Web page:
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SRAM: Committed to cycling. And to you. There isn't another components company in the world that is as dedicated to cycling as SRAM.
SRAM Corporation is a leading producer of bicycle components. Started around a single product--the Grip Shift gear shifter--the company, through acquisitions and research and development, has extended its product line to more than 100 different items. (The Grip Shift name has since been dropped.) Two notable recent acquisitions have been Sach Bicycle Components (1997) and RockShox, Inc. (2002). SRAM has several factories in Europe, North America, and Asia.
SRAM Corporation was started in Chicago in 1987 by Stanley R. Day, who hated fumbling for the gearshift on his bike while training for triathlons on weekends. Day came from an entrepreneurial family; his father was chairman of Champion Home Builders. After earning his M.B.A., Day worked three years at Molex Inc., a maker of electronic components. He serendipitously met Sam Patterson on a 1987 ski trip in Park City, Utah. As the Chicago Sun-Times reported, Day had attended business school at Northwestern University with Sam's brother, Art.
Most gear shifters until then used little levers that required the rider to momentarily move one hand away from the handlebars to change gears. This was an extra nuisance while bike racing or negotiating treacherous mountain trails, when the rider often was holding on for dear life with both hands.
Sam Patterson, then living in San Diego and working for an engine manufacturer, was a precociously talented designer. A native of Erie, Pennsylvania, he graduated from an accelerated program at the University of South Carolina's engineering school. Within weeks of the fateful ski trip, Patterson designed a new gear shifter, one that wrapped around the handlebars. Although this configuration was not an entirely new innovation in itself, Patterson's design was indexed, meaning it easily clicked to numbered positions corresponding with specific gears.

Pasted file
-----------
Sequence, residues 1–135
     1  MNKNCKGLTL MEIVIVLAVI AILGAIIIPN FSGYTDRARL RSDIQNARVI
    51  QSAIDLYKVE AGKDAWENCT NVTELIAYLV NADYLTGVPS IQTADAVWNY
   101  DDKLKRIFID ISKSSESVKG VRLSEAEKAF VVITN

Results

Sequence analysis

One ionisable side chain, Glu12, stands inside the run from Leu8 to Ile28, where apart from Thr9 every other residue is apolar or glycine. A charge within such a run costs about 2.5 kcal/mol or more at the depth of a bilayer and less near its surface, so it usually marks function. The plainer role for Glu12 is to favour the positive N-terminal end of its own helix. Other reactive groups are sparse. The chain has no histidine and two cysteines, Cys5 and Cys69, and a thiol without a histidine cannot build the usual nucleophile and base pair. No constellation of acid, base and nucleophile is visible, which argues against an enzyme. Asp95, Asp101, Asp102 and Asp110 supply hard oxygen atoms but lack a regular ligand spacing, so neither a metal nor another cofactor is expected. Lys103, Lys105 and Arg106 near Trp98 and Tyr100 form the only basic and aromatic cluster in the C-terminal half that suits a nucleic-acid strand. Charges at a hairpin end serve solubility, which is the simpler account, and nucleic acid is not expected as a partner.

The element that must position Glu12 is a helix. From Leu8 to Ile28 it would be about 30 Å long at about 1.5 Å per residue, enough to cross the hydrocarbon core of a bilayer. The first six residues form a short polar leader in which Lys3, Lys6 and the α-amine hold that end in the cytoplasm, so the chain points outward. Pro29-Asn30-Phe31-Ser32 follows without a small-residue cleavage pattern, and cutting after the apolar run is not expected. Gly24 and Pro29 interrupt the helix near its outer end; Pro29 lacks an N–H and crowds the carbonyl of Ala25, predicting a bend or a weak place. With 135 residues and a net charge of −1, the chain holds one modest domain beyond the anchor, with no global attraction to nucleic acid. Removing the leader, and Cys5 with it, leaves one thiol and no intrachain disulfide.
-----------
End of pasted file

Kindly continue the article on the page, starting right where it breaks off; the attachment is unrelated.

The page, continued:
Day assembled a group of investors in the summer of 1987 and set up an office in the Fulton-Carroll entrepreneurial incubator building run by the Industrial Council of Northwest Chicago. The company ended 1988 with about a dozen enthusiastic employees, some culled from Day's former employer Molex.
Day became the company's president while Patterson served as head of research and development. The name SRAM was reportedly made up of letters from the names of its founders, including attorney Scott Ray King. (The company was originally incorporated as OLLO Bicycle Components, Inc., then renamed a couple of months later, according to filings with the Illinois secretary of state.)
Scott Molina, 1988 Ironman champion, was among the triathletes who enthusiastically embraced the product, originally called the DB shifter. Its location at the end of the handlebars proved troublesome, however, and it was repositioned between the grips and the center of the handlebars. The DB shifter originally was packaged as an aftermarket accessory kit and priced at about $120. The product later evolved into the Grip Shift.